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Asia Sri Lanka

Relaxing in the warm waters of Passekudah

Of all the things in Sri Lanka we were planning to do I was most looking forward to our time at Passekudah. While we are generally not ‘sit on the beach and relax’ kind of people, everyone needs time to just chill and this was our time.

We stayed at Maalu Maalu Resort; everyone we met in Sri Lanka kept telling us how famous this resort was, we hadn’t heard of it until we looked at Agoda.com and this came up as one of the nicest places to stay.

Originally we had thought we would go to the Maldives for a couple of days, but when I checked out the beaches at Sri Lanka, Passekudah looked stunning; with limited time it wasn’t worth the hassle of flying somewhere else to chill out on a beach when we could do this perfectly well in Passekudah.

And we weren’t disappointed, the beach here is beautiful, but we are so spoilt in Australia we do find every time we go to a beach elsewhere we can’t help but compare it to what we have at home. Is this beach any better than our local beach? I don’t think so, but it does have the weather, which means that you can swim at any time, and the romance of being in another country.

The water here was also so warm – our water in Melbourne is freezing so it has to be really hot before we will even consider swimming. Here it was very easy to just immerse yourself in the water for hours on end.

I found myself regularly floating in the ocean, somehow the water here seemed to hold me up like no other. I can float generally, but not for as long as I could in Passekudah, even Adrian managed to float here, and yet in any other water, he sinks. We generally found ourselves alone in the ocean – so peaceful. Despite the hotel being full, few people walked the 100 or so metres to the ocean, preferring to swim in the pool instead.

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The very beautiful Maalu Maalu, Passekudah, Sri Lanka

The pool is also beautiful, a bath-like temperature, crystal blue waters, and yet there is something about swimming in the ocean that is so calming, so therapeutic.

Maalu Maalu is relatively small – just 40 huts. The rooms are quite small, but the bathrooms are huge, and stunning. The resort was apparently the first to be built after the area was devastated by the 2004 tsunami.

The in-laws were staying just up the beach at Amaya Beach Resort so we took a walk up to pay them a surprise visit and ended up spending the afternoon with them. Jenny had booked in for a spa treatment, so I decided to tag along. I seem to be on a never-ending quest to find the perfect spa treatment. I’m enjoying the research – treatments all through the world, afterall, it’s worth seeing how massages change from country to country.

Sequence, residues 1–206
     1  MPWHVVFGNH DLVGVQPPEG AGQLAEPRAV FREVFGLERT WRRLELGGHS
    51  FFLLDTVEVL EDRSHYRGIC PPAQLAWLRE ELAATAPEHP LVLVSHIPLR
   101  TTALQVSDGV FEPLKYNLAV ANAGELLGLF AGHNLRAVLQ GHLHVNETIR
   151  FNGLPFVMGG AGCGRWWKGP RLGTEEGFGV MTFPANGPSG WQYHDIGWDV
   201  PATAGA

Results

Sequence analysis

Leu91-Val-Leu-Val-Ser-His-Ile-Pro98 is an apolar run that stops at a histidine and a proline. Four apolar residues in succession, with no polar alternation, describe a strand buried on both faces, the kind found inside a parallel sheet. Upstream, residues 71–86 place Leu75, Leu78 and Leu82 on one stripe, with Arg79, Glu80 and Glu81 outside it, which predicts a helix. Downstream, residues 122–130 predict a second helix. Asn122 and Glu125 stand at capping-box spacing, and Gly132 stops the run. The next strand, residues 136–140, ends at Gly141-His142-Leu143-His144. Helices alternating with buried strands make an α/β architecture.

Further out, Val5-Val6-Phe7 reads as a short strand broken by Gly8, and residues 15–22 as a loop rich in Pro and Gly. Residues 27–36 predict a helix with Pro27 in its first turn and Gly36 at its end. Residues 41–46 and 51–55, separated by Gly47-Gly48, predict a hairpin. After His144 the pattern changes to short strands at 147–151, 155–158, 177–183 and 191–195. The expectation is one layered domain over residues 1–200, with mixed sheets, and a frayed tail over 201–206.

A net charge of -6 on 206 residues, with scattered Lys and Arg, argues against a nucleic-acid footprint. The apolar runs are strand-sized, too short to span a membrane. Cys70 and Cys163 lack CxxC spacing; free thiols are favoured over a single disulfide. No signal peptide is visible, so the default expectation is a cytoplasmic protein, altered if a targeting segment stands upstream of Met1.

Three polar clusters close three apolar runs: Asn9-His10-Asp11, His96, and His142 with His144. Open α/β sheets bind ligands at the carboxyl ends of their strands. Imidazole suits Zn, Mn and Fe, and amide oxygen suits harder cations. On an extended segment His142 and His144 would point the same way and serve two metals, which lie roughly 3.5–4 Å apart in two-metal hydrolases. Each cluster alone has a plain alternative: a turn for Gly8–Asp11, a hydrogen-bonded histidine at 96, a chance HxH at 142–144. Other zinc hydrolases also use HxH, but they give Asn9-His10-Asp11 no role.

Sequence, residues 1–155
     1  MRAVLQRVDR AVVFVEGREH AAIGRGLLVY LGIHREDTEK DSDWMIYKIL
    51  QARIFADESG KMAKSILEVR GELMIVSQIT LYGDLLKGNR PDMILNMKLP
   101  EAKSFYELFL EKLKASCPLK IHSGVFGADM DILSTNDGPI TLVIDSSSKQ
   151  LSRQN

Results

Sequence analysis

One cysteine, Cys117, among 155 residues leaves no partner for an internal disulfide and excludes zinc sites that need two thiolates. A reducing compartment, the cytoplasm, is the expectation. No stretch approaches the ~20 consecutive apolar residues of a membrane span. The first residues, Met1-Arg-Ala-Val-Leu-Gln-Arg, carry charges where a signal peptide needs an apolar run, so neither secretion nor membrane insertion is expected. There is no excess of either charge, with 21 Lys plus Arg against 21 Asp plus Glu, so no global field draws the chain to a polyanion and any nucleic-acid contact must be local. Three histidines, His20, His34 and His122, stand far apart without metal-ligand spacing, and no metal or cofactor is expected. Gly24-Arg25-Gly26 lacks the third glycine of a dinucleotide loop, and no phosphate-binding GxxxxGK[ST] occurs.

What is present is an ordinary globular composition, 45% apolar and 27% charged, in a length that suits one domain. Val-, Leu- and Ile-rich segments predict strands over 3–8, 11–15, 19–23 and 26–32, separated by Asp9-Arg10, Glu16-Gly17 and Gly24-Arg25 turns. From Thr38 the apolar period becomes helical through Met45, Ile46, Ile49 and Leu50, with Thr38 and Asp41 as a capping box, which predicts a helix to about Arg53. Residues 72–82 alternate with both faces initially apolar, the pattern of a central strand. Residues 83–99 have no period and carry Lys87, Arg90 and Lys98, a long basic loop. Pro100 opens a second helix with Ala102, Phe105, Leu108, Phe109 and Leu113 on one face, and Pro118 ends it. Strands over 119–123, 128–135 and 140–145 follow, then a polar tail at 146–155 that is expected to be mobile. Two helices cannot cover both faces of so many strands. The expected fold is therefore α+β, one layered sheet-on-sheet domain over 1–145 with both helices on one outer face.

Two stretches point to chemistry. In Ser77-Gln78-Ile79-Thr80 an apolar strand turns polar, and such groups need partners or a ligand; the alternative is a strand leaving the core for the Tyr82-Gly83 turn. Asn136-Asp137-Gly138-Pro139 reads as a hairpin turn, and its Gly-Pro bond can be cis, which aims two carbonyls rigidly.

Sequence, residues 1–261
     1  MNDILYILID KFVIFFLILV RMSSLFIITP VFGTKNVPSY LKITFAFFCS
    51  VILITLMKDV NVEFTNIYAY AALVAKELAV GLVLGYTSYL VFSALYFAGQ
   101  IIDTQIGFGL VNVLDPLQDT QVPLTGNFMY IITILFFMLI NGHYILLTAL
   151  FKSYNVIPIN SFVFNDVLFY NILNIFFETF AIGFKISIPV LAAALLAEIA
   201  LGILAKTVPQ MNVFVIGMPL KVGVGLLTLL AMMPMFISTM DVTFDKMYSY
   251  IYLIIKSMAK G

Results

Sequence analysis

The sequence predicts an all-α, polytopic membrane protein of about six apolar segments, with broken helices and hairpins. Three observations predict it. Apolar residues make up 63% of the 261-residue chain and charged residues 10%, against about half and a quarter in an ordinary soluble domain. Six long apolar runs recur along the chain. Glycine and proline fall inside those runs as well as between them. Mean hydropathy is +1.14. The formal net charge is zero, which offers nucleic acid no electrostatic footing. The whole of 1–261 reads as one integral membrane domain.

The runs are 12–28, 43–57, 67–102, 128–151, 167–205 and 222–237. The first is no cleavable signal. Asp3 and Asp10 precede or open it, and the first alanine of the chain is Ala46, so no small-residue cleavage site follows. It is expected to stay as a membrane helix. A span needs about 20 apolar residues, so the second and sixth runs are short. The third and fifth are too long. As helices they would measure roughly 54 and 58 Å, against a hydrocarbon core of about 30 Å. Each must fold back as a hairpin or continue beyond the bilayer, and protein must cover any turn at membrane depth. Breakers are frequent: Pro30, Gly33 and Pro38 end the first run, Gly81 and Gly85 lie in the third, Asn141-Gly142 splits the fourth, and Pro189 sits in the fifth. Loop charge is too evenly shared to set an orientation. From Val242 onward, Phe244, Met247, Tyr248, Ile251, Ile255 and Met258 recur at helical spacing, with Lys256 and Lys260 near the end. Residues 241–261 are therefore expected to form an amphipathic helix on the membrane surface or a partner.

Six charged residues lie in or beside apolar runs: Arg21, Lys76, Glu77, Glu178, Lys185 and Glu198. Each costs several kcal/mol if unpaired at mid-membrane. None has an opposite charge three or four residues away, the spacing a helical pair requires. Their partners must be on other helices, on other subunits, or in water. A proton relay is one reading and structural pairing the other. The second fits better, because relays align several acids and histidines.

This one was beautiful, very relaxing.

We had dinner at Amaya Beach, it is a very new resort with stark clean lines and modern features. And it is very vast, not as large as Amaya Lake, but large nonetheless, particularly compared with Maalu Maalu.

You can’t swim in the ocean out the front of Amaya Beach, because of all the coral. But there is an area just to the left of the hotel grounds where you can swim. When we walked past there was a large group of locals playing volleyball on the sand and swimming in the ocean here.

It was dark by the time we had finished dinner but the beach was still lit up enough for us to walk back to Maalu Maalu, the tide had come in somewhat but there was enough sand to walk along and we could make out the hotel lights along the path. Other than the odd dog it was a quiet walk back, with just the sound of the waves breaking the silence.

A sneaky side trip to Batticaloa

We decided we wanted to check out the local markets but the hotel suggested we head into Batticaloa where there was more choice and we could get souvenirs as well as check out the food markets.

Batticaloa is about 45 minutes from Passekudah along a very flat, straight road. The area is mainly Tamil so our guide told us it was only the second time he had ever been there. My natural inclination was to fret, but everyone else seemed calm, so I figured things must be alright now, and I’m sure our driver Anil wouldn’t take us there if there were still problems.

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Images of Batticaloa.

First up we went to the Fort – built by the Portuguese in the 1630s, rebuilt by the Dutch with the support of the Sri Lankans in the 1660s and then taken over by the British. The Fort is still operational by the Sri Lankan Government, so while you can view the walls and the cannons you can’t go inside any of the rooms, though you can peak inside as the government staff work away.

From the Fort we headed to a lighthouse, the lighthouse wasn’t much to look at, but the views over the water were just stunning.

Then it was on to the markets. We found a fruit and veg market so wandered through the stands taking photos and chatting to the stallholders. The fruit and vegies looked amazingly fresh and such great quality.

Of course all the stallholders wanted their photos taken and wanted us to check out their stalls. We were more than happy to oblige. One of the things I love about travelling is interacting with the locals just going about their days and visiting local markets gives us a great opportunity to do this.

Fast Facts

We stayed at the stunning Maalu Maalu Resort.

We stayed three nights at Passekudah, and took a side trip to Batticaloa.

Was it long enough: We didn’t need any extra time.

Highlights: Floating in the ocean, checking out the markets in Batticaloa.

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